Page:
Gerontology & Geriatrics

CDC: 19.2 percent of unpaid caregivers in fair, poor health

(HealthDay)—Almost 20 percent of informal caregivers in the United States report being in fair or poor health, with considerable variation between states, according to research published in the Feb. 21 issue of the U.S. ...

Health

Want to live longer? Stay in school, study suggests

Life expectancy in the United States has been in decline for the first time in decades, and public health officials have identified a litany of potential causes, including inaccessible health care, rising drug addiction and ...

Health

Study takes a stand against prolonged sitting

In many workplaces, standing desks and walking meetings are addressing the health dangers of sitting too long each day, but for universities, the natural question is how to make such adjustments in classrooms.

Psychology & Psychiatry

Want to change your personality? It may not be easy to do alone

Most people have an aspect of their personality they'd like to change, but without help it may be difficult to do so, according to a study led by a University of Arizona researcher and published in the Journal of Research ...

Health

Internists call for comprehensive reform of US health care

The American College of Physicians (ACP) today issued a bold call to action challenging the U.S. to implement systematic reform of the health care system, and released an ambitious new vision for a better health care system ...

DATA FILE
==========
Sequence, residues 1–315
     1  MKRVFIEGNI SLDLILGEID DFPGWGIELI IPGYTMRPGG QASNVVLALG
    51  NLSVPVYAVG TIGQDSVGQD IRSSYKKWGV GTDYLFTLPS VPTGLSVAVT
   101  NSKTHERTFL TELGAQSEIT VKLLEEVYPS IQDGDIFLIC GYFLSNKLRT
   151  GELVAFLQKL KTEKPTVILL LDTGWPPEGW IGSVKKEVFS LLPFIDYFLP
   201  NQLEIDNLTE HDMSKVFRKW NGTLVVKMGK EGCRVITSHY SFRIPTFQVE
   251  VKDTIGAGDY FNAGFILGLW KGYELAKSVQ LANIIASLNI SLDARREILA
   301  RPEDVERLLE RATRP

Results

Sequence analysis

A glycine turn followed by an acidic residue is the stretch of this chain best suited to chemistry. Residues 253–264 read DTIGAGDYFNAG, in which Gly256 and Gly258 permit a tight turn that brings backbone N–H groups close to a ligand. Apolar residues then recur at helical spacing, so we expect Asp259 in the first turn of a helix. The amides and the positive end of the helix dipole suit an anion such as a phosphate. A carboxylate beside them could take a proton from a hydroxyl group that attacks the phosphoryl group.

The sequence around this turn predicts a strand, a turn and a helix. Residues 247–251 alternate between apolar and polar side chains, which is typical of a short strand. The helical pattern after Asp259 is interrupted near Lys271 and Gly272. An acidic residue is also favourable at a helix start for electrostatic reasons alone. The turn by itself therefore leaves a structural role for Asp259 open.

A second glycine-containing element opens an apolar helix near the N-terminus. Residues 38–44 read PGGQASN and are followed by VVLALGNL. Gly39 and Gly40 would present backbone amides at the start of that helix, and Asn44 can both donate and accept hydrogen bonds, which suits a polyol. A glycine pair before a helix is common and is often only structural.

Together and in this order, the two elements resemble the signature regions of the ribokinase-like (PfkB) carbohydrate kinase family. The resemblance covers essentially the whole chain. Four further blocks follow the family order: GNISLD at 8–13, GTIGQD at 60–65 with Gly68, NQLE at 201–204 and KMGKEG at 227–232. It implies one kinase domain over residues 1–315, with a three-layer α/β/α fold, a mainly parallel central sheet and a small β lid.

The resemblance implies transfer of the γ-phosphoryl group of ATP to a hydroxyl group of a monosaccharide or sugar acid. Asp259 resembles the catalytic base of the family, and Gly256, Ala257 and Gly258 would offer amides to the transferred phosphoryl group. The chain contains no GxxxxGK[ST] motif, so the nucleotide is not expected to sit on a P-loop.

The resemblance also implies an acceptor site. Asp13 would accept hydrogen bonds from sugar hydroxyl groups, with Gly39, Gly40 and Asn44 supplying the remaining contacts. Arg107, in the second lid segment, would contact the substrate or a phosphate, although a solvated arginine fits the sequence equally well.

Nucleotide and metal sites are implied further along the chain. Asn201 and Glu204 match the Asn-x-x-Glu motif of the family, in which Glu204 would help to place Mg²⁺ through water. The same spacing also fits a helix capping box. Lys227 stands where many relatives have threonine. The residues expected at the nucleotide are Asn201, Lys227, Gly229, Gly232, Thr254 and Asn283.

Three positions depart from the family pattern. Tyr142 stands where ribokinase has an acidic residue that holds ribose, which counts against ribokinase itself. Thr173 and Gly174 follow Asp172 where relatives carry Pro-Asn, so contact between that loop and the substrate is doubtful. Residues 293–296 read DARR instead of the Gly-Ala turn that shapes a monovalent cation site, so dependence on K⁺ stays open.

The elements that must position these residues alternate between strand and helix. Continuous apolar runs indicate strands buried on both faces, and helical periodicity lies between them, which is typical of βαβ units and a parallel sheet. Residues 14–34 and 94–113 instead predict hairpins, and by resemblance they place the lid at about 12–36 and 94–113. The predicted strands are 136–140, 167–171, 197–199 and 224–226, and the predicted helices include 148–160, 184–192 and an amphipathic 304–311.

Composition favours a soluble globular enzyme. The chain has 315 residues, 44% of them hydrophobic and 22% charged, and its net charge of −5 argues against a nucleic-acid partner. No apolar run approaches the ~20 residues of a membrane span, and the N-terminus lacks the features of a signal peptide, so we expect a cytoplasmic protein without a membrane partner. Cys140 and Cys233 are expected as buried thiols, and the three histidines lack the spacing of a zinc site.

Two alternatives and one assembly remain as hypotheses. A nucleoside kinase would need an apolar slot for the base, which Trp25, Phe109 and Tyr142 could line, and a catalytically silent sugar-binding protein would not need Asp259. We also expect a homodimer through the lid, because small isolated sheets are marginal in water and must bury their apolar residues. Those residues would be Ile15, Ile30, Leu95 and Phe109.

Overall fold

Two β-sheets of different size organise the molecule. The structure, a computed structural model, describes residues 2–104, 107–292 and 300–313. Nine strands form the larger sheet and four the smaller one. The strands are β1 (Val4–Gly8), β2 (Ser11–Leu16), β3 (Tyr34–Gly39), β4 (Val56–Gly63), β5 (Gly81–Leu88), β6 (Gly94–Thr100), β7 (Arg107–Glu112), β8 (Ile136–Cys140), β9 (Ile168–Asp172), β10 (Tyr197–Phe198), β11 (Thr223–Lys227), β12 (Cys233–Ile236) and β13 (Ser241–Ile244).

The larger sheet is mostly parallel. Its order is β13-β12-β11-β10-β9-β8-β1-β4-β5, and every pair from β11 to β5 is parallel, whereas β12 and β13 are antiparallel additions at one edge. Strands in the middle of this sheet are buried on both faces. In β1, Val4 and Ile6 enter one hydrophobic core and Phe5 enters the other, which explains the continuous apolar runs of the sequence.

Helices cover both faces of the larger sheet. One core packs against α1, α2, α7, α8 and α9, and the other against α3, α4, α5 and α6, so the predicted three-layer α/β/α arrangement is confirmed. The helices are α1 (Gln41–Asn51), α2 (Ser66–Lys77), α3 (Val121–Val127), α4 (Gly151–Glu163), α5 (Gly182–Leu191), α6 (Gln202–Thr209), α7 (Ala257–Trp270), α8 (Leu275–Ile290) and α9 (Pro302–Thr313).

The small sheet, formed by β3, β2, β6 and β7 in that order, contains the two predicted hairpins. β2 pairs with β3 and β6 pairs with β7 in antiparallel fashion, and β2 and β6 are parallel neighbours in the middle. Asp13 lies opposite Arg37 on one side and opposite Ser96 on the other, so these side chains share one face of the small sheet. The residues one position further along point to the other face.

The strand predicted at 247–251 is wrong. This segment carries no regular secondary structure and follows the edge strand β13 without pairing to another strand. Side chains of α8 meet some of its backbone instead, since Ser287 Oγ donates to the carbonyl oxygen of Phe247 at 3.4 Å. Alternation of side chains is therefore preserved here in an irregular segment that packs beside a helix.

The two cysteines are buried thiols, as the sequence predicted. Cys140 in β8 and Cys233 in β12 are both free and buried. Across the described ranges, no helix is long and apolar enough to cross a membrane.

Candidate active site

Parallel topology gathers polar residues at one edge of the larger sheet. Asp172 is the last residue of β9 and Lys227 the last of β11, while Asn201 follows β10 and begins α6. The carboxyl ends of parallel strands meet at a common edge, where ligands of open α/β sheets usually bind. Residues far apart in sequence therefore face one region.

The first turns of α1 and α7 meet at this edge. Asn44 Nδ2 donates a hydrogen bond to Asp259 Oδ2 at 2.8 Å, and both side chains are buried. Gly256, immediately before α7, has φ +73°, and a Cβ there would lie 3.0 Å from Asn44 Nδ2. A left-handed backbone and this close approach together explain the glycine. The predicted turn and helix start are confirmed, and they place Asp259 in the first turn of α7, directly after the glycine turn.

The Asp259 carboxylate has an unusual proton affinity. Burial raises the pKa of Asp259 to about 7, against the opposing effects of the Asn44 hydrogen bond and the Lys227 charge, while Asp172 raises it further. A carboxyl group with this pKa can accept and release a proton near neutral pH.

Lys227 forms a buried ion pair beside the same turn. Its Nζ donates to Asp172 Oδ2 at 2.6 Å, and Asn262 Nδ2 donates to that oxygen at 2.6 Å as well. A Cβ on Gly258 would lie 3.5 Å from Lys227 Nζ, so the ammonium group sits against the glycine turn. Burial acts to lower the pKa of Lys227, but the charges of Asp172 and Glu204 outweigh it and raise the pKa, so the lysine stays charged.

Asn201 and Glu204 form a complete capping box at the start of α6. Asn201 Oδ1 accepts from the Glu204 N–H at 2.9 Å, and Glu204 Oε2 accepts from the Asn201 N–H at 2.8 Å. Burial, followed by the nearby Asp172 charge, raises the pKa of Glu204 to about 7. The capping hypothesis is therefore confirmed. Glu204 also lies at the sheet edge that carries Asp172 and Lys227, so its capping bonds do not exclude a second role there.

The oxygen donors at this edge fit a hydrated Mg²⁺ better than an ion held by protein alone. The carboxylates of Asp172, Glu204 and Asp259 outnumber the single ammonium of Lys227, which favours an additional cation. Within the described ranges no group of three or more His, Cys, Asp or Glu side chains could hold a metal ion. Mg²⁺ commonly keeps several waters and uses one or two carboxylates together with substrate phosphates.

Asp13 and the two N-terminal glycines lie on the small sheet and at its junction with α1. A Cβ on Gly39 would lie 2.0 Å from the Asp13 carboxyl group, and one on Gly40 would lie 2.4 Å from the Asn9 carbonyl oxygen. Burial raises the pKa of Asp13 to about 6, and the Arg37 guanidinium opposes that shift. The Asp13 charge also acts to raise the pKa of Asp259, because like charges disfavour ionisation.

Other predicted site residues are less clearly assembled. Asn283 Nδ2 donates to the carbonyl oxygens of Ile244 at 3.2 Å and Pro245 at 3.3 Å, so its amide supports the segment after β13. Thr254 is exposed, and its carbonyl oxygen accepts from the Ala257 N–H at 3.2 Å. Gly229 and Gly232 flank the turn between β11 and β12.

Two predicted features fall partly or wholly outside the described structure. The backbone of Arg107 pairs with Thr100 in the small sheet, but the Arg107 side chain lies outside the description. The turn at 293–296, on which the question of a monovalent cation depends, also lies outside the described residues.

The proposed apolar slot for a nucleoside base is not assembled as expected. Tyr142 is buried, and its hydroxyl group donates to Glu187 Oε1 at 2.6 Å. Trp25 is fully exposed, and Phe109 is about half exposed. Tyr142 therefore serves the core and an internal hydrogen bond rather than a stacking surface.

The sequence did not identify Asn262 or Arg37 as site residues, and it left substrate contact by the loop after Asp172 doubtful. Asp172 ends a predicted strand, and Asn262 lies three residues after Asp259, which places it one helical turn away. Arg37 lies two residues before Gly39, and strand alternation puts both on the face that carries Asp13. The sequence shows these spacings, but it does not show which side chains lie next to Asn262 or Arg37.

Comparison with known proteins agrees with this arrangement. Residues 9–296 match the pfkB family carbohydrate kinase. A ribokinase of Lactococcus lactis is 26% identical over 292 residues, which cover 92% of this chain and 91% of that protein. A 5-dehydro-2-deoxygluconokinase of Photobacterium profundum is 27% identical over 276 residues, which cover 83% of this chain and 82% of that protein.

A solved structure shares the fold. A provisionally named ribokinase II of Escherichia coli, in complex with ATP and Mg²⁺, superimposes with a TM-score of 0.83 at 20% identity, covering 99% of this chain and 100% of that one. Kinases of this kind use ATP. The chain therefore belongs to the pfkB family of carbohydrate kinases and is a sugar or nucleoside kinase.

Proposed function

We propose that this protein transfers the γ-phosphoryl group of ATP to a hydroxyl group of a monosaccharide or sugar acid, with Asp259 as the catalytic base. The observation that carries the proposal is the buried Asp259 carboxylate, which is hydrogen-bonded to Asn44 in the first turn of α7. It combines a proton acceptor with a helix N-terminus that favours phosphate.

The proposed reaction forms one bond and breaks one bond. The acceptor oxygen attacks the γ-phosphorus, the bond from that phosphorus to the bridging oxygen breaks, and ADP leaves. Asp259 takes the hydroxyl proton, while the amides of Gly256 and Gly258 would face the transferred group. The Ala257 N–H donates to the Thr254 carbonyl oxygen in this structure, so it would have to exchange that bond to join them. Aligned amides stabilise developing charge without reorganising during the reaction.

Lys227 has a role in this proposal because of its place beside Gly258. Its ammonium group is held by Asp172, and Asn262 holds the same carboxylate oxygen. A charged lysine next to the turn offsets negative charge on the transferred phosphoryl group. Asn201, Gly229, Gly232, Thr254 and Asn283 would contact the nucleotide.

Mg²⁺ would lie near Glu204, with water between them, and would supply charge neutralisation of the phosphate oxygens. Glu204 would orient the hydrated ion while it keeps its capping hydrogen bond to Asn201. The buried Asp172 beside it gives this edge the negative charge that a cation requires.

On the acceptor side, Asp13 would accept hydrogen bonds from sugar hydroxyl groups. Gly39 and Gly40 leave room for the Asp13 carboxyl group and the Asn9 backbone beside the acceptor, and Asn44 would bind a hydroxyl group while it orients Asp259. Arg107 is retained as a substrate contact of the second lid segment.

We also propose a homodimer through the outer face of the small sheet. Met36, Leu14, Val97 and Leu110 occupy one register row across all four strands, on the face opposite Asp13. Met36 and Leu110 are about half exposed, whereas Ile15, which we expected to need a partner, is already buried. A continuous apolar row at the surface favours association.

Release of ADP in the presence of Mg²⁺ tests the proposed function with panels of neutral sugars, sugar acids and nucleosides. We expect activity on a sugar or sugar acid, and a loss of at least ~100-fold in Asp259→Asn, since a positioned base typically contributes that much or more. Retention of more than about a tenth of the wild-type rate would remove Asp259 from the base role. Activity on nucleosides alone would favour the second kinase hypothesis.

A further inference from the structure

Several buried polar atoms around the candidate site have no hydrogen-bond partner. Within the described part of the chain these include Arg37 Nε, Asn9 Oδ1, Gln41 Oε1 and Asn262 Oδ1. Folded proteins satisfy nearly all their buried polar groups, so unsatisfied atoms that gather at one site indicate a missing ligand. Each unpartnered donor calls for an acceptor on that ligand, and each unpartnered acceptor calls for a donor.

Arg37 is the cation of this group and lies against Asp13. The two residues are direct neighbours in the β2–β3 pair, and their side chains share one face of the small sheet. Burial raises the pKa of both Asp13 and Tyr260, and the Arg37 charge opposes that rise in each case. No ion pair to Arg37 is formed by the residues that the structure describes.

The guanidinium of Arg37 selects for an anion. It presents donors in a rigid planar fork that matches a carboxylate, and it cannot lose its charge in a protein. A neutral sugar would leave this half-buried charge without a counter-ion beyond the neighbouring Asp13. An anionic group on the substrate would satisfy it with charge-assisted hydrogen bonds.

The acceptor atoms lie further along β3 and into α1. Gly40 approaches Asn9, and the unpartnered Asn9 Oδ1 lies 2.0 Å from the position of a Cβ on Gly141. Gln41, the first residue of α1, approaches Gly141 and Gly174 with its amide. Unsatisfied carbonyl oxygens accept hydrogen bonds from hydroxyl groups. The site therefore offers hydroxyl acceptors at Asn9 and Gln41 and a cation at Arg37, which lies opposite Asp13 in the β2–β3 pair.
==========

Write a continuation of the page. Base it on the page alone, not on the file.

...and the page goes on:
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College

College (Latin: collegium) is a term most often used today to denote degree awarding tertiary educational institution. More broadly, it can be the name of any group of colleagues, for example, an electoral college, a College of Arms or the College of Cardinals. Originally, it meant a group of persons living together, under a common set of rules (con- = "together" + leg- = "law" or lego = "I choose"); indeed, some colleges call their members "fellows". The precise usage of the term varies among the English-speaking countries. In the United States, for example, the terms 'college' and 'university' may be regarded as loosely interchangeable, whereas in the United Kingdom, Ireland and Australia, a 'college' is usually an institution between school and university level (although constituent schools within universities are also known as 'colleges').

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